When asked if there is life after death, Swami Kriyananda stated, “There is no life anywhere that is not life! There can’t be death because it is all God’s consciousness. The soul never dies. Our fear of death is often an extension of our fear of life.” Many of us are afraid of losing our identity at the time of death. Swami told us that the soul is a unique aspect of the Divine, and that we will eventually merge into the Infinite, but we will still know our uniqueness.
I’m not sure that my uniqueness in relation to the Universe will be as important to me at my time of death as, “Where is my next breath coming from? How do I deal with this chronic pain? Will my loved ones be all right without me? Have I been a good person?” All these are relevant questions that anyone who is dying, or is caring for a dying person, may wish to know.
If people are fortunate enough to have the help of someone trained in hospice care working with them during this challenging time, they can be supported and guided through these difficult questions. There is an old saying that, “There are no atheists in a foxhole.” I believe that as we approach the finiteness of our existence it is quite natural to seek meaning in and around our lives.
St. Paul said, “I die daily.” In a matter of speaking we die and are resurrected with each breath. This is good news! We get lots of “do-overs!” Life and death are part of the ongoing continuum of our existence. By spending time in the silence of meditation we are slowly able to look at the hard questions of life, and find our answers. They can’t be anyone else’s answers. They have to be ours, or else we live in confusion and misunderstanding.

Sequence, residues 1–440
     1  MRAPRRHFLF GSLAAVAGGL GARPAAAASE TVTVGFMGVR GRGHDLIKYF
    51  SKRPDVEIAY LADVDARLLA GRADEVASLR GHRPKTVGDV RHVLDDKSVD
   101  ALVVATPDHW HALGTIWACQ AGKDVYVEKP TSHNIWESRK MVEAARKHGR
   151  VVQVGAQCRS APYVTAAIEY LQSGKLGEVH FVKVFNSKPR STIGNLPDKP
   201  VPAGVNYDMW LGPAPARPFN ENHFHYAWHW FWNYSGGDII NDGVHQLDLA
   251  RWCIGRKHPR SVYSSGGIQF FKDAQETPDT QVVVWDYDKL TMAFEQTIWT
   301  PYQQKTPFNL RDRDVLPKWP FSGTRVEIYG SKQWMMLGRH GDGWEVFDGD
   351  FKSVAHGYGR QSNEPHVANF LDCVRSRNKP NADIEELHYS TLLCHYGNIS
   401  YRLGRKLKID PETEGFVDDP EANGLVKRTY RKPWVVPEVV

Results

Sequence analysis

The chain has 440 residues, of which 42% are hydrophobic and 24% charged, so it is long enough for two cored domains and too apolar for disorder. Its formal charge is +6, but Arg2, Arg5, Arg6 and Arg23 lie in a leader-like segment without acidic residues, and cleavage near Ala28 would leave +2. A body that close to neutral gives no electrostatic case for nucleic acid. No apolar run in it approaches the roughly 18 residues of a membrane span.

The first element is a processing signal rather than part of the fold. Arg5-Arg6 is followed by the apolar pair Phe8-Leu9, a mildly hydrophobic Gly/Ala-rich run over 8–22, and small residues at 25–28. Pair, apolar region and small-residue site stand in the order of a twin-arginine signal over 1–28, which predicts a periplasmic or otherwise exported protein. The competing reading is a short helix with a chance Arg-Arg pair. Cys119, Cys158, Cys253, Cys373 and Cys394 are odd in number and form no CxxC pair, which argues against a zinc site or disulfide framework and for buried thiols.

Paramhasa Yogananda taught that the most important thing we can do is to love.
We can feel love in our hearts, and the love given to us by others. It is through the experience of silence that we can feel a deep sense of love, and at times, a deep sense of joy.
This deep sense of love, joy, acceptance, and connectedness is what we all wish to come to know. It is ours now if we can silence the monkey-mind enough to hear Spirit say, “All is love.”
Meditation is a form of dying. We let go of that which is holding us back. We let go of the body by relaxing and breathing. We let go of the monkey-mind, and the ego, through the breath. We may even experience breathlessness for a time. You see, meditation is the practice of dying itself!
Meditation is also about living life to the fullest. We have to let go of so much before we can really experience living. It is one of the greatest gifts I have received working in hospice — the gift of life. After seeing so many people die, it becomes clear that many died with the regret of not having lived their lives fully.
I once heard a story about a man who was on hospice care. He had been a heroin addict for much of his life. When asked if he believed in reincarnation, he answered that he wasn’t sure. He was then asked what he thought he might reincarnate as? He replied that if he was coming back, he wanted to come back as who he currently was, because maybe next time he would get it right!
We don’t have to wait until next time to get it right. We can “die” now in meditation and be reborn with our next breath.
Hanuman (Kent Baughman) is a registered nurse and is the manager of Ananda House, an assisted living home near Portland, OR.